Rural Landscape Institute director Bill Bryan told Wilkinson that the old way of ranching is "giving way to a new paradigm," one that says raising animals to eat doesn't have to be at odds with protecting the environment. Wilkinson reports some of the biggest landowners in the West, including Ted Turner and John Malone, who own a combined 4.3 million acres, are embracing aspects of this paradigm. The "sustainable ranching movement" now has members in every Western state, Wilkinson reports.
Zachary Jones, right, manager and rancher of Twodot Land and Livestock Co., gave one example of his departure from the old ways of ranching: Rather than allowing cattle to graze on pastures unattended until vegetation is nearly gone, which can lead to greater dependence on expensive hay, antibiotics and pesticides, Jones fences his cattle into smaller areas with portable electric fences and only allows the cows to chews grass to a certain height, then shifts them to another areas.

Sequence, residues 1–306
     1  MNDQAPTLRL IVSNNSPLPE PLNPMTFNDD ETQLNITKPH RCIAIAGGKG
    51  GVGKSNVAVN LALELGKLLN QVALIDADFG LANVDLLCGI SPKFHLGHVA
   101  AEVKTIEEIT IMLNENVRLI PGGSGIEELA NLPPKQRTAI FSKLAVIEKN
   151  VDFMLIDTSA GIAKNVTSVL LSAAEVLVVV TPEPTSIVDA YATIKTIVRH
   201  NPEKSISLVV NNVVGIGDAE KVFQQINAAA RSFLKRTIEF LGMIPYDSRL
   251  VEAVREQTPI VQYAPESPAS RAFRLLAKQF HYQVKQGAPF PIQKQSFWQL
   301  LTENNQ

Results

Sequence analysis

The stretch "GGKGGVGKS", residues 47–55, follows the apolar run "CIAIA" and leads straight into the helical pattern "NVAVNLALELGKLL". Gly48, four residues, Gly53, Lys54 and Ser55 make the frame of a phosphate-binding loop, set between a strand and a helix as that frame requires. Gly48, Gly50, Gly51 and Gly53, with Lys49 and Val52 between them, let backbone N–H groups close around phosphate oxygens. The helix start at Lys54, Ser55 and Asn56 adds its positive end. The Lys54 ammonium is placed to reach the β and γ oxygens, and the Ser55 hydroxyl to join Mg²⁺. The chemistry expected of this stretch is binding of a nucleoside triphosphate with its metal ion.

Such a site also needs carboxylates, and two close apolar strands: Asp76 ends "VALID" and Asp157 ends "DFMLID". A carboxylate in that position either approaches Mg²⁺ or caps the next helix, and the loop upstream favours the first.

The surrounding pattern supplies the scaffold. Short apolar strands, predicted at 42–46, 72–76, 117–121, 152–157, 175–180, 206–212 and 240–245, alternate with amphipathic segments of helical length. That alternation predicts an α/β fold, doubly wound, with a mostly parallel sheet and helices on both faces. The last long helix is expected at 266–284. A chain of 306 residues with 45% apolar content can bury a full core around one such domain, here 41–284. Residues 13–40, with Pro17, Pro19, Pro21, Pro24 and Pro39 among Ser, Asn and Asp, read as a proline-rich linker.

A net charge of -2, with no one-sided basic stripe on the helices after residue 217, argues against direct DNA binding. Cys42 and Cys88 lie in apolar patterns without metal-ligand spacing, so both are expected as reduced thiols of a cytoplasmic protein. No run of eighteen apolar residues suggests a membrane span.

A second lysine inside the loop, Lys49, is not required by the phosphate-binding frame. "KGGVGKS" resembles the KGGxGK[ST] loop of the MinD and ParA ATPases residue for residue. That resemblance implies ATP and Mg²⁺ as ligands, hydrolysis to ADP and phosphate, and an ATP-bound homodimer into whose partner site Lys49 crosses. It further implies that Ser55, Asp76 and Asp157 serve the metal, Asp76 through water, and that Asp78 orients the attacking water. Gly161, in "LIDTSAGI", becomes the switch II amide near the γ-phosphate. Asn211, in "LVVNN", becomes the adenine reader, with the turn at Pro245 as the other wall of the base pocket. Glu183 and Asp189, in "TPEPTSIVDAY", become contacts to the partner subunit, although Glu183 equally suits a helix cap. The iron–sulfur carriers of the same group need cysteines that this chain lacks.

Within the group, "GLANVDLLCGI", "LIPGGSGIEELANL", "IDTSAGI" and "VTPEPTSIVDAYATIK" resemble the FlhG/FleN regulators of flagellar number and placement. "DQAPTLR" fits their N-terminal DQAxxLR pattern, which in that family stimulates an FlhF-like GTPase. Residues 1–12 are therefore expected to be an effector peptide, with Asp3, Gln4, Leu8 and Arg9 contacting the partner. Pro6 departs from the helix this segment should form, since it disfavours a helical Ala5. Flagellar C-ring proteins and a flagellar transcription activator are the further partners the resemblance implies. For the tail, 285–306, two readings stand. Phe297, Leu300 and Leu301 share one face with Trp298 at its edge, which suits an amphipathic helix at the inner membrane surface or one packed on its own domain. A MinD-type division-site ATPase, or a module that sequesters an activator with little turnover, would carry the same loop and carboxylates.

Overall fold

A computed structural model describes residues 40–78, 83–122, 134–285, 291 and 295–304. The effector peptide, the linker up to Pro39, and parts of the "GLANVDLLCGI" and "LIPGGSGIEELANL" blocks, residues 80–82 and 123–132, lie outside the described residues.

While it may seem like just a fad connected to the overall "green movement," Wilkinson reports sustainable ranching "has been practiced in the region since the conquistadors." As Jones told Wilkinson: "Being a smart rancher – one who's still going to be here in another 50 years ... comes down to how you treat the land and build resilience over time that matters. In particular, it's about how well you manage grass and water." (Read more)